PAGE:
Julia Child (Meryl Streep) and Julie Powell (Amy Adams) are featured in writer-director Nora Ephron's adaptation of two bestselling memoirs: Julie & Julia by Powell and Child's My Life in France by Julia Child with Alex Prud'homme. Based on two true stories, the film intertwines the lives of two women who, though separated by time and space, are both at loose ends – until they discover that with the right combination of passion, fearlessness and butter, anything is possible.

Half-baked comedy barely whets the appetite.

The combination of Meryl Streep and Amy Adams in the intersecting tales of the famous chef/author and the blogger who worshipped her could have been the recipe for a richly-appetising comedy. But Julie & Julia is a half-baked effort due to an under-cooked script by director Nora Ephron and the usually faultless Streep’s caricature of Julia Child, who almost singlehandedly introduced the US to the delights of French cuisine.

Perched on platform heels to emulate the 1.87m tall Child, Streep adopts an annoying, sing-song voice (which isn’t at all how Child spoke) and uses exaggerated hand movements and lots of whoops and throaty laughs. Her over-the-top performance sits oddly with that of Adams, who’s far more convincing as Julie Powell, the government office worker who set out in 2002 to cook all 524 recipes in Child's seminal 1961 cookbook, Mastering the Art of French Cooking, in the space of 12 months, and wrote a blog about her experiences.

Ephron had plenty of source material, drawing on My Life in France, Child’s memoir written with Alex Prud’homme, her great-nephew (which was published in 2006, two years after she died, aged 91), and Powell’s book Julie & Julia. The film opens in 1948 when Child and her devoted husband Paul (Stanley Tucci) arrive in Paris, where he’d taken a job at the American embassy. Bored, she starts a cordon bleu course, despite being told she’d never amount to anything as a cook. The focus then switches to Julie, who’s about to turn 30, insecure, with a stressful job helping survivors of the 9/11 tragedy, and living in a dingy Queens apartment with her journo husband Eric (Chris Messina). A keen cook and frustrated writer, Julie hits on the idea of working her way through Child’s book and chronicling her day-to-day progress in a blog, The Julie/Julia Project.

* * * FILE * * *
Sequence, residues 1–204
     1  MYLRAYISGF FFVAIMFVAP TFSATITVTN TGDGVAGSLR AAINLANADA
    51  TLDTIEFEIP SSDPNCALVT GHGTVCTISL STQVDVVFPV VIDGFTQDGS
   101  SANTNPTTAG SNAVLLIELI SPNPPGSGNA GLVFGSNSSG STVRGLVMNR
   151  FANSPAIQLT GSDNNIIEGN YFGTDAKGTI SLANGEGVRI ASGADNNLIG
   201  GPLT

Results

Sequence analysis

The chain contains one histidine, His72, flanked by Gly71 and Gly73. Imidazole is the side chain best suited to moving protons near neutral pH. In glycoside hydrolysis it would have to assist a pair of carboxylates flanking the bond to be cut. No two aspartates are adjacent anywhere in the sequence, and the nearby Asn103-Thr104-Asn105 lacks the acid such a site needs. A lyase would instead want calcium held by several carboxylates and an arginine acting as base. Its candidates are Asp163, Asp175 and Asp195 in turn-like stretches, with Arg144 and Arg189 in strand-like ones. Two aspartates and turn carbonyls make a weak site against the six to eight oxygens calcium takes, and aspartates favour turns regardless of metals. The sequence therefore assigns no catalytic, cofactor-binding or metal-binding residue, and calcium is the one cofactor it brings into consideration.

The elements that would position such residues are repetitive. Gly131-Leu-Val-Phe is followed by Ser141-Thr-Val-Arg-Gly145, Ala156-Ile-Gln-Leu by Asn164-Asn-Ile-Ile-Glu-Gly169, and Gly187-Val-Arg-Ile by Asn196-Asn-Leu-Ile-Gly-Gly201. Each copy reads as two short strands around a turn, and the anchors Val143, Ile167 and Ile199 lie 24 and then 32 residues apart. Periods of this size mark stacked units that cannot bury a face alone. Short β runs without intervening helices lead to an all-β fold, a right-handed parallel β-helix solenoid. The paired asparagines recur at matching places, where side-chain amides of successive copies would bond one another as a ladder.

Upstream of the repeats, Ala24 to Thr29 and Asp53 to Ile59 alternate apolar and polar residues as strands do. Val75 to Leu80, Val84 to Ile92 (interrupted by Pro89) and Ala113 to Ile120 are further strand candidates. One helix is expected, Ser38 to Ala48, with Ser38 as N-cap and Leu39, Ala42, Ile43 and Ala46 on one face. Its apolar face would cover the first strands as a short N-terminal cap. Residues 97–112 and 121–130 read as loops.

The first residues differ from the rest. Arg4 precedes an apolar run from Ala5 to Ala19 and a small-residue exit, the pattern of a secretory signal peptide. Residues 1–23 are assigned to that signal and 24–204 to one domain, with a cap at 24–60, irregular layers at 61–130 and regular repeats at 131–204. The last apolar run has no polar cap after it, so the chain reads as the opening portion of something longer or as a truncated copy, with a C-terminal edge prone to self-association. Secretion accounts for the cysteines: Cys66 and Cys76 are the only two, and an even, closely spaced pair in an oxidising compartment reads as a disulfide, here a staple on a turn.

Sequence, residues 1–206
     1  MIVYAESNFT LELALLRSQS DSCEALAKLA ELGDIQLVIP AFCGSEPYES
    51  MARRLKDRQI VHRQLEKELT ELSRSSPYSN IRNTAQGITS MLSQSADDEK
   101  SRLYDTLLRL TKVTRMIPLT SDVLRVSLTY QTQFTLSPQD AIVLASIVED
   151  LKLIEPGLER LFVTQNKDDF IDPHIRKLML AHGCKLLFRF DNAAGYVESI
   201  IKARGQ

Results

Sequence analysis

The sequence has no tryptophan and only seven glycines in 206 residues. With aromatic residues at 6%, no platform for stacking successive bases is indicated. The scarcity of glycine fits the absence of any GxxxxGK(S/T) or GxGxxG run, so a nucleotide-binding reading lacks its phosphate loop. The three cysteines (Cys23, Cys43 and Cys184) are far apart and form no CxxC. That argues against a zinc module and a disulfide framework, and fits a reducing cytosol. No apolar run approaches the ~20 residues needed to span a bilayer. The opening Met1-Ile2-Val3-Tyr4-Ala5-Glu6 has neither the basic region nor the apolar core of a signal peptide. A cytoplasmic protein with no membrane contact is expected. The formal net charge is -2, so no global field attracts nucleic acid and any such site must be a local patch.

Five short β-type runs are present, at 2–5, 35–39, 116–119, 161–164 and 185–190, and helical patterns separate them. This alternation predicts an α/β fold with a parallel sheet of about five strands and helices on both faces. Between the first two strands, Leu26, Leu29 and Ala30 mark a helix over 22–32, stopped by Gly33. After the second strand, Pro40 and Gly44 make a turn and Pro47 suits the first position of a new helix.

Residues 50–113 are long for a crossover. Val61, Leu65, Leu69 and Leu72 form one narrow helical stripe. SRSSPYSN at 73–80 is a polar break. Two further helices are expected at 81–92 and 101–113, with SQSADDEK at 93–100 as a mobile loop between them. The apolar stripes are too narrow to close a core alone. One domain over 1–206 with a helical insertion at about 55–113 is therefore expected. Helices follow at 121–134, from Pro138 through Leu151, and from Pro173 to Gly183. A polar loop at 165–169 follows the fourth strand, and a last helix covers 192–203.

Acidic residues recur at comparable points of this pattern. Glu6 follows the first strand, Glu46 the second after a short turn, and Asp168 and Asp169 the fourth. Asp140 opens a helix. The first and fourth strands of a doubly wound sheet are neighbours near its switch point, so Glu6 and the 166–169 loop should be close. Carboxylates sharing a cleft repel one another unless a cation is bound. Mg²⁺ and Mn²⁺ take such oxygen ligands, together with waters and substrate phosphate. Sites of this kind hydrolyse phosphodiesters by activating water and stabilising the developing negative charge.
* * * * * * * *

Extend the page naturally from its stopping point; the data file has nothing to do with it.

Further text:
Back in Paris, Child’s friendship with fellow epicureans Simone Beck (Linda Emond) and Louisette Bertholle (Helen Carey) leads her to join them in writing the cookbook—which was initially rejected by every publisher they approached.

Julie and Julia never meet, but they had a lot in common: writers, a passion for food, supportive husbands, and varying degrees of fame. The underlying problems, apart from Streep’s hammy acting, is that neither narrative is especially funny, and there are no dramatic pay-offs. One of the most amusing scenes is a Saturday Night Live skit showing a Child-impersonator bleeding over a chicken. There are a few, light laughs in watching Julie grappling with how to kill and cook live lobsters, and Julia eating her first egg.

Among the meagre dramatic moments, Child is seen lamenting the fact that she can’t bear children; her husband is grilled by investigators involved in the McCarthyism anti-Communist witch-hunt; and Julie’s preoccupation with her blog causes ructions with Eric, who accuses her of being selfish.

The uneven tone is probably unavoidable given the juxtaposition of two very different characters, one who achieved lasting, worldwide fame, the other a much more modest success.

The sight of all that gorgeous food is liable to leave you feeling extremely ravenous, while the film itself is a bit like a Chinese meal: OK at the time, but soon forgotten and not terribly satisfying.

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2 hours 3 min
Wed, 02/10/2010 - 11